When I was younger and churchy (unregenerate) I had this idea that Christians were meant to be engaged in the culture. By engaged I mean strongly involved with "sinners and tax collectors." I spent most of my time with those who were "of the world." I think there is a huge group that still believe this is the right thing to do. They are a group that believes Christians are to be "in the world but not of the world", or so they think. They attend church, read their Bible's, pray and I believe they really want to be like Jesus by ministering to these "sinners and tax collectors." But their greatest danger is they have engaged the culture too much with no help. Their closest friends are these people that are the "sinners and tax collectors." They have taken the teaching of Jesus too far. Listen to a few the passages they and I (in the past) use to defend their reasoning:
And as Jesus reclined at table in the house, behold, many tax collectors and sinners came and were reclining with Jesus and his disciples. And when the Pharisees saw this, they said to his disciples, "Why does your teacher eat with tax collectors and sinners?" (Matt. 9:10-11)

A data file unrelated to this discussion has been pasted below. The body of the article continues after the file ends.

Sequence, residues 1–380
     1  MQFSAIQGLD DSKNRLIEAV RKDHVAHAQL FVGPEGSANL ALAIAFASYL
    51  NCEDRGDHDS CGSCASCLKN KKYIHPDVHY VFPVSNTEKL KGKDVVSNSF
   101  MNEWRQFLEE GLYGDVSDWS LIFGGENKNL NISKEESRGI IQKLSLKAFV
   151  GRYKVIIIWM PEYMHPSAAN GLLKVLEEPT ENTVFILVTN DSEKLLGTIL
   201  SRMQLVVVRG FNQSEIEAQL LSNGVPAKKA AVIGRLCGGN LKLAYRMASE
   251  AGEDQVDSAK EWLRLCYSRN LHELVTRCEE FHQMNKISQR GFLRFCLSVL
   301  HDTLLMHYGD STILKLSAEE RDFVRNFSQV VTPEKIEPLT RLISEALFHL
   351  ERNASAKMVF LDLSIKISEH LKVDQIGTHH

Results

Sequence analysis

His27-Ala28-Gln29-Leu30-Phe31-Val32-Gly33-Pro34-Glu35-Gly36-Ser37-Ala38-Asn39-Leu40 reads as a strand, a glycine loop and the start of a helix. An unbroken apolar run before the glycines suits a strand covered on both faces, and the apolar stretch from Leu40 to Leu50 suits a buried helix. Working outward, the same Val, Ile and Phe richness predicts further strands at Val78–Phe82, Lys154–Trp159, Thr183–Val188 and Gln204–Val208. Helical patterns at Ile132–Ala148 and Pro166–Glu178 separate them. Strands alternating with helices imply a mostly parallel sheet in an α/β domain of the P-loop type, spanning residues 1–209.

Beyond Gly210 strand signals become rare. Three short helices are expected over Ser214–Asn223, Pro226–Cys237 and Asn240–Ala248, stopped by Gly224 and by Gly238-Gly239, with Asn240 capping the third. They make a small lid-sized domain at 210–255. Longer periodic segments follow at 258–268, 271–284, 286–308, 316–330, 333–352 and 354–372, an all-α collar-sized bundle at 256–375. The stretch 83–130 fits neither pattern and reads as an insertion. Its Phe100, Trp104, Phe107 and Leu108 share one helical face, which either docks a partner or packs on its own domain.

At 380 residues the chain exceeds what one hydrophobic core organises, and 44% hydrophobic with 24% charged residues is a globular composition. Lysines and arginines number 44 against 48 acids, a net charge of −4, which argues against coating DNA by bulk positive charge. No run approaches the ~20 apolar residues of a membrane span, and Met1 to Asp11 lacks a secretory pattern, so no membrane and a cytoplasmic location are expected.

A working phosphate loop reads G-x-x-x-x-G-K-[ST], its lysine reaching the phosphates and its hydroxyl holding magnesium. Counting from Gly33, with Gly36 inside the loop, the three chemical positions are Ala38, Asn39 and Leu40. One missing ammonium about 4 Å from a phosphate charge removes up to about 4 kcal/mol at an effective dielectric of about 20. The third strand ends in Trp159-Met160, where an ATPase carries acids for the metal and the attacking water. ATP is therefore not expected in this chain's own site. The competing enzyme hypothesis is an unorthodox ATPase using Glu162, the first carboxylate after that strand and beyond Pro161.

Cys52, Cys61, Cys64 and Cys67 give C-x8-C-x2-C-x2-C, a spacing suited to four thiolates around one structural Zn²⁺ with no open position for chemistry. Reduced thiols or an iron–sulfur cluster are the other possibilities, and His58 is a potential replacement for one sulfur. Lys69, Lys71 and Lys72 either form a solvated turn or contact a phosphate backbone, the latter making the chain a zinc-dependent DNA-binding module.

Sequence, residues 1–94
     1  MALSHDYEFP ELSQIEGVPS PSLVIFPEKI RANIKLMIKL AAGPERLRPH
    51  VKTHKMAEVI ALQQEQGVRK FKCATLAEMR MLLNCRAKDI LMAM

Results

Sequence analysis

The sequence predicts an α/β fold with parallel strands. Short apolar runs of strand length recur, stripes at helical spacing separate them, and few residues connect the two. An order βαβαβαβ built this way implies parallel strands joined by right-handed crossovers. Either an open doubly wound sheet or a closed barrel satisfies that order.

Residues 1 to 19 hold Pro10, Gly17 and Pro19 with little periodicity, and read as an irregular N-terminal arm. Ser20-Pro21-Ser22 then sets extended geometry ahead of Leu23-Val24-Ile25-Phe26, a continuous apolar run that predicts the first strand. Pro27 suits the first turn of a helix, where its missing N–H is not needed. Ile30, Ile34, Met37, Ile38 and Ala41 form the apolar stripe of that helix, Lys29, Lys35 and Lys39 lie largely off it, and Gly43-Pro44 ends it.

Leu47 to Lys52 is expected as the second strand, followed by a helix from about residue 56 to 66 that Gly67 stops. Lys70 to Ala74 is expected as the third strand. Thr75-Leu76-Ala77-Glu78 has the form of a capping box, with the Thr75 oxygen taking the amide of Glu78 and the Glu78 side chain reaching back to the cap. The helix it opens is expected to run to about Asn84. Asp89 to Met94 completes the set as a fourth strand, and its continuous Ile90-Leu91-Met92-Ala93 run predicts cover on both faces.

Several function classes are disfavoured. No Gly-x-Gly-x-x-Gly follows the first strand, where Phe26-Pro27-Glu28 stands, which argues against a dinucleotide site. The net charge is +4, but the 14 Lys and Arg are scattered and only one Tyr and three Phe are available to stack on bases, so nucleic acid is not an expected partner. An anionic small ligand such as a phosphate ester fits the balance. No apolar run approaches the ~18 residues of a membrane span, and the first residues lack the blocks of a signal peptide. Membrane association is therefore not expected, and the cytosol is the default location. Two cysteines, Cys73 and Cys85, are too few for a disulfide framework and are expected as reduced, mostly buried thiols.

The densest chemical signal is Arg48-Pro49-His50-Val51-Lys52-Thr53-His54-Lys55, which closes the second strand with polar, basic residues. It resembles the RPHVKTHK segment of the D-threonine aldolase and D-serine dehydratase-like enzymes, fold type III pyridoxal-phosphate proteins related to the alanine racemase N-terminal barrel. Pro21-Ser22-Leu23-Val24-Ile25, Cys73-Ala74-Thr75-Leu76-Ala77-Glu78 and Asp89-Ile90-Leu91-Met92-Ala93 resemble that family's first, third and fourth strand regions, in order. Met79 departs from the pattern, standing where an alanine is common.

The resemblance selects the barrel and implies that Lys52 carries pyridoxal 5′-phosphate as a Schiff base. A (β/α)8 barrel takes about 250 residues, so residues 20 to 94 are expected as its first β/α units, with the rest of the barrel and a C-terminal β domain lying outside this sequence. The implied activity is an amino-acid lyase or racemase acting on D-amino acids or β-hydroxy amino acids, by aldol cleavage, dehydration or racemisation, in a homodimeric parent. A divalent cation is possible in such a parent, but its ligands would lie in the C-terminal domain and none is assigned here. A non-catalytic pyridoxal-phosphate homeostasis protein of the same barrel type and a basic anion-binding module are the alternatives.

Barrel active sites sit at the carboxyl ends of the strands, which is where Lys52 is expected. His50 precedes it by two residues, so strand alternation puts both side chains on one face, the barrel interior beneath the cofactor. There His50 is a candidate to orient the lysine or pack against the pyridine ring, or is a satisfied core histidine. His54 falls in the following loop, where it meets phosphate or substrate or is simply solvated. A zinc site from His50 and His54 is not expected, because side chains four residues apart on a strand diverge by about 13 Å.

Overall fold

And the Pharisees and their scribes grumbled at his disciples, saying, "Why do you eat and drink with tax collectors and sinners?" (Luke 5:30)
We notice Jesus is most definitely reaching out and spending time with "sinners and tax collectors" as we, as Christians, should do as well. But if you notice in all his interaction with the unbelieving the Scriptures say his disciples were there with him. Two things that need to be understood when being "in the world" to reach the lost:
1. Our closest companions are not to be those "in the world" but rather other like-minded believers to help encourage and strengthen us in godliness. They are also to join us in the cause of Christ.
2. If your closest companions are "sinners and tax collectors" (unbelievers) then you are a lone ranger who will struggle in your pursuit of God.
If Jesus is our example on reaching the lost then we need to heed his full example by making sure we have an army of like-minded brothers and sisters to fight the war. We were not meant to fight it alone. Josh Harris once said, "A lone ranger is a dead ranger." The Psalmist also talked about this danger:
How happy is the man
who does not follow the advice of the wicked,
or take the path of sinners,
or join a group of mockers!
Instead, his delight is in the LORD's instruction,
and he meditates on it day and night.
He is like a tree planted beside streams of water
that bears its fruit in season
and whose leaf does not wither.
Whatever he does prospers.
The wicked are not like this;
instead, they are like chaff that the wind blows away.
Therefore the wicked will not survive the judgment,
and sinners will not be in the community of the righteous.
For the LORD watches over the way of the righteous,
but the way of the wicked leads to ruin. (Psalm 1)
Grace upon grace,